NASA Astrophysics Data System (ADS)
Parkes, W.; Djakov, V.; Barton, J. S.; Watson, S.; MacPherson, W. N.; Stevenson, J. T. M.; Dunare, C. C.
2007-07-01
Optical fibre pressure sensors have potential performance advantages over electrical sensors in measuring rapid transients such as shock waves from explosive blasts. We report the development of micromachined optical fibre Fabry-Pérot pressure sensors using a silicon dioxide or nitride diaphragm and detail the fabrication stages of the sensor body and diaphragm. The planar technology used is based on silicon deep etching and direct fusion bonding of silicon wafers. Test results for both types of diaphragm are presented. Sensors with rise times better than 3 µs, range 0.1 to 1 MPa and resolution ~500 Pa have been demonstrated in explosives trials. Despite the difference in the sign of stress for the two diaphragm types, both demonstrated excellent high-speed response to explosively generated air shocks.
NASA Technical Reports Server (NTRS)
Mckee, C. F.; Hollenbach, D. J.
1980-01-01
The structure of interstellar shocks driven by supernova remnants and by expanding H II regions around early-type stars is discussed. Jump conditions are examined, along with shock fronts, post-shock relaxation layers, collisional shocks, collisionless shocks, nonradiative shocks, radiative atomic shocks, and shock models of observed nebulae. Effects of shock waves on interstellar molecules are examined, with reference to the chemistry behind shock fronts, infrared and vibrational-rotational cooling by molecules, and observations of shocked molecules. Some current problems and applications of the study of interstellar shocks are summarized, including the initiation of star formation by radiative shock waves, interstellar masers, the stability of shocks, particle acceleration in shocks, and shocks in galactic nuclei.
NASA Technical Reports Server (NTRS)
Glass, Christopher E.
1990-01-01
The computer program EASI, an acronym for Equilibrium Air Shock Interference, was developed to calculate the inviscid flowfield, the maximum surface pressure, and the maximum heat flux produced by six shock wave interference patterns on a 2-D, cylindrical configuration. Thermodynamic properties of the inviscid flowfield are determined using either an 11-specie, 7-reaction equilibrium chemically reacting air model or a calorically perfect air model. The inviscid flowfield is solved using the integral form of the conservation equations. Surface heating calculations at the impingement point for the equilibrium chemically reacting air model use variable transport properties and specific heat. However, for the calorically perfect air model, heating rate calculations use a constant Prandtl number. Sample calculations of the six shock wave interference patterns, a listing of the computer program, and flowcharts of the programming logic are included.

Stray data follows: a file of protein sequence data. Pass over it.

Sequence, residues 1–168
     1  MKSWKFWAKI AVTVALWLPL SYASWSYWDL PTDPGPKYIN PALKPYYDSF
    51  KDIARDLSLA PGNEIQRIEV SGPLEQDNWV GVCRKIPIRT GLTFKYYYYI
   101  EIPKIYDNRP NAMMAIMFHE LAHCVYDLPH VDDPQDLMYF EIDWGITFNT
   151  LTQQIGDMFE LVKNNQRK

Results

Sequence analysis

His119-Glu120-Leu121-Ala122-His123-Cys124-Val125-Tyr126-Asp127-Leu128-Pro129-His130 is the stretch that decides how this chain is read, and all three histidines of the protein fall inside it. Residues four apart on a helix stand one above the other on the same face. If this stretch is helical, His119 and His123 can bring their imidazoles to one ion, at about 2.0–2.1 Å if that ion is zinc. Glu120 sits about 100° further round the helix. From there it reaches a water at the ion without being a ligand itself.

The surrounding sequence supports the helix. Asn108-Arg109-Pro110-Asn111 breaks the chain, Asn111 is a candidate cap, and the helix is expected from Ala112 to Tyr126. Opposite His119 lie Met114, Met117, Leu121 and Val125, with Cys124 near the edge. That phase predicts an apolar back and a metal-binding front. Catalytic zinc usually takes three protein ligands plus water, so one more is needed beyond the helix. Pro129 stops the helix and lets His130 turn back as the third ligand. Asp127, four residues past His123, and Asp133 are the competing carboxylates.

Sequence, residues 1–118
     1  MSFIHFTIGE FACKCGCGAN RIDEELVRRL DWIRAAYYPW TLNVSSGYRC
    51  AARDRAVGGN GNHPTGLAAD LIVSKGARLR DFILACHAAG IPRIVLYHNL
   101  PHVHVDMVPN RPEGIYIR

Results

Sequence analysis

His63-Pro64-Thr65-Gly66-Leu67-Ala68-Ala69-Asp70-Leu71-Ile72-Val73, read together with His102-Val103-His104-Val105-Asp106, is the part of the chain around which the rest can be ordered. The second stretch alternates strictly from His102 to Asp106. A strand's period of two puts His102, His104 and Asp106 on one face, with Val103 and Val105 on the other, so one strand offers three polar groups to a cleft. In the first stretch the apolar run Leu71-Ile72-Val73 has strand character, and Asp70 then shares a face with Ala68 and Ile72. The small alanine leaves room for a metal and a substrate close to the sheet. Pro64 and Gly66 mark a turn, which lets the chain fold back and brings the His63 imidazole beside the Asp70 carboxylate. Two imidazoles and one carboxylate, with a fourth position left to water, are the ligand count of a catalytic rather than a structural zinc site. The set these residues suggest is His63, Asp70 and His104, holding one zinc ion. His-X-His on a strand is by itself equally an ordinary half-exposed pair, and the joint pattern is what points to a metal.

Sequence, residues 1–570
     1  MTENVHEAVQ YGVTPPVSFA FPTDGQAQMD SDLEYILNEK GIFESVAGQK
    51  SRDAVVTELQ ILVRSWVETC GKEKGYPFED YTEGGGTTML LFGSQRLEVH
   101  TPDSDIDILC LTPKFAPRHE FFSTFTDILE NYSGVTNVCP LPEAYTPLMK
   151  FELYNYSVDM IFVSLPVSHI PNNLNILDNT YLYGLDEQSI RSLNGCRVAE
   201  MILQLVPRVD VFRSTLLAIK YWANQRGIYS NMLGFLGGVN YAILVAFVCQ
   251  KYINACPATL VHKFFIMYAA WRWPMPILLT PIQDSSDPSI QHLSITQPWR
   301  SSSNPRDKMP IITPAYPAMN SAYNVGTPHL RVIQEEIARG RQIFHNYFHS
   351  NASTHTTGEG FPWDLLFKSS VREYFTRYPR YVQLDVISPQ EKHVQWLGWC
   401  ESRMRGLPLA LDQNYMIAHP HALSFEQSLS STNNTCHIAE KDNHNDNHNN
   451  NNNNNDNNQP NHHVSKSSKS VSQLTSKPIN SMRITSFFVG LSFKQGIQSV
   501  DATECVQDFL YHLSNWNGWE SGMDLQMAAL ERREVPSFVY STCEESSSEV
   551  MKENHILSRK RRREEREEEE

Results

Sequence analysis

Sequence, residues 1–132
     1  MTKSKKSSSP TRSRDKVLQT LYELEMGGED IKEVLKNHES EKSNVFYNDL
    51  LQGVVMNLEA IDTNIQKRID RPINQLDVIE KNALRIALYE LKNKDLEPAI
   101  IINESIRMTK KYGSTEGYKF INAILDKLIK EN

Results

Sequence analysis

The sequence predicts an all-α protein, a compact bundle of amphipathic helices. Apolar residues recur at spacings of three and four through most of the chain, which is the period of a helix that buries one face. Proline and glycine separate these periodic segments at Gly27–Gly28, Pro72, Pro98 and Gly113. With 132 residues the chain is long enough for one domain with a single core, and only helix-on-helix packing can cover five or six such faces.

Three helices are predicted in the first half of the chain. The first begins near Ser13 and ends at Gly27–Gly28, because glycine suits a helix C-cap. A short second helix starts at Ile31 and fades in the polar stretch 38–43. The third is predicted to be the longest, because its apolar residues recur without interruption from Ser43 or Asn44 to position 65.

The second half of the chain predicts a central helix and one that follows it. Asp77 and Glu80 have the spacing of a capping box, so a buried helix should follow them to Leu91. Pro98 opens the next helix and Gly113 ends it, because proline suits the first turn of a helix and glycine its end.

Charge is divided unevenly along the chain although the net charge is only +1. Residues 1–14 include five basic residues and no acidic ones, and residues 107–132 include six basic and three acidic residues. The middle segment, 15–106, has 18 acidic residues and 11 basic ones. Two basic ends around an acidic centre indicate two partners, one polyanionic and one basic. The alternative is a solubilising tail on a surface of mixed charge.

Effect on a shock wave boundary layer interaction of air jet vortex generators
NASA Astrophysics Data System (ADS)
Souverein, L. J.; Debiève, J.-F.
2012-01-01
The effect of upstream injection by means of continuous Air Jet Vortex Generators (AJVGs) on a shock wave turbulent boundary layer interaction is experimentally investigated. The baseline interaction is of the impinging type, with a flow deflection angle of 9.5° , a Mach number Me = 2.3, and a momentum thickness based Reynolds number of 5,000. Considered are the effects of the AJVGs on the upstream boundary layer flow topology and on the spatial and dynamical characteristics of the interaction. To this aim, Stereoscopic Particle Image Velocimetry has been employed, in addition to hot-wire anemometry (HWA) for the investigation of the dynamical characteristics of the reflected shock. It is shown that the AJVGs significantly modify the three-dimensionality of the upstream boundary layer. Overall, the AJVGs cause a reduction of the separation bubble length and height. In addition, the energetic frequency range of the reflected shock is increased by approximately 50%, which is in qualitative agreement with the smaller separation bubble size.
NASA Technical Reports Server (NTRS)
Nugent, J.; Sakamoto, G. M.; Webb, L. D.; Couch, L. M.
1979-01-01
An air-data probe allows air to flow through it so that supersonic and hypersonic shock waves form behind pressure measuring orifices and tube instead of directly on them. Measured pressures are close to those in free-flowing air and are used to determine mach numbers of flying aircraft.
NASA Technical Reports Server (NTRS)